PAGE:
People that understand statistics and data are more likely to wear a mask, practice social distancing and get vaccinated to prevent others from getting infected according to new research from Rotterdam School of Management, Erasmus University (RSM).
Attempts to control the COVID-19 pandemic are closely connected to the interpretation of data and statistics. However there is evidence that statistics are often not well understood which may result in less well informed and potentially inappropriate decision making according to Professor Daniel Metzger and Dr Mikael Paaso from RSM and Dr Vesa Pursiainen from the University of St. Gallen.
According to Professor Daniel Metzger:
“Our research findings suggest that statistical literacy is associated with a better understanding of the threat posed by the virus, as well as with the ability to follow changes in the current situation and to more accurately incorporate new information in the formation of expectations.
“Given the global rise in new COVID-19 cases and the lack of effective medical treatments, current attempts to control the spread of the virus rely on non-pharmaceutical interventions (NPIs), such as social distancing, mandatory facemasks, school closures, large-scale lockdowns of populations, or closing borders. The success of these NPIs often depends greatly on voluntary compliance by the population. Now that vaccines have been successfully developed and approved, it is likely that in most countries vaccination will be voluntary, implying that compliance will still be an important part of bringing down the number of infections.”
These findings suggest that statistical literacy is associated with a better understanding of the threat posed by the virus, as well as with the ability to follow changes in the current situation and to more accurately incorporate new information in the formation of expectations. It also seems that a better understanding of the risk translates into a more acute sense of protecting others from infection. More statistically literate people are more likely to comply with a curfew because they want to avoid infecting more vulnerable people, whereas less statistically literate people are more likely to comply out of fear of punishment. This might be an important observation in the efforts to get a sufficient part of the population to comply with non-pharmaceutical interventions, even when the mortality risk for most people is substantially lower than it is for the elderly and other high-risk groups.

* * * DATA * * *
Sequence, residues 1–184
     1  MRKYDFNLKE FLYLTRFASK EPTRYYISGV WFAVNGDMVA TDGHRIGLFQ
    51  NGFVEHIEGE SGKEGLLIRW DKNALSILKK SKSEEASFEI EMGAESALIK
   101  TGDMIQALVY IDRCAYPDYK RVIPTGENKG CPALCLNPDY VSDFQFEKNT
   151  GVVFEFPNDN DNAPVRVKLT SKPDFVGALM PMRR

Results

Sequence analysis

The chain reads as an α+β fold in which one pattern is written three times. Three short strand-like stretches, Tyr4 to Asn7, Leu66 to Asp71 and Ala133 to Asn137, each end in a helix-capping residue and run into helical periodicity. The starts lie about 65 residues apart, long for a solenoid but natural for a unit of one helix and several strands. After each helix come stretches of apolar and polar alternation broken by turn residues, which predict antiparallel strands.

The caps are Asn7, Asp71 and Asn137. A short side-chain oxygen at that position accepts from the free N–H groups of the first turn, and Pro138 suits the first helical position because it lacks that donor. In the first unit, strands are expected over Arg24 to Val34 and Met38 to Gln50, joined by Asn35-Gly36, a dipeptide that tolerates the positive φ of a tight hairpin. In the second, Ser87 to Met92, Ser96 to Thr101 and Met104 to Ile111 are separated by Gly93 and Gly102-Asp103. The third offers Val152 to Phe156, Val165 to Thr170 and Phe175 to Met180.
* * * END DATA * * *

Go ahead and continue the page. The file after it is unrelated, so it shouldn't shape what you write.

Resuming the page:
Voluntary vaccinations may become important to contain the virus in the future. The study shows that more statistically literate people generally consider flu vaccinations more important. These people also have a higher level of confidence in science and in healthcare. These results might prove important for the uptake of a potential vaccine, especially one that has been developed with a highly condensed timetable.
Consistent with these ideas, the researchers find that less statistically literate people are less satisfied with communication by the government during the pandemic, as well as with media and science. This underscores the importance of group-specific communication about the pandemic.
The research reveals that more effort is needed from government and health organisations to convey statistical information in an efficient way and to explain reasons for specific governmental measures or recommendations.
The paper is currently available as a working paper 'The Role of Statistical Literacy in Risk Perceptions and Behavior During the COVID-19 Pandemic'
For more information, a copy of the research paper, or to speak with the researchers, contact Kate Mowbray at BlueSky PR on Kate@bluesky-pr.com or call +44 710022871
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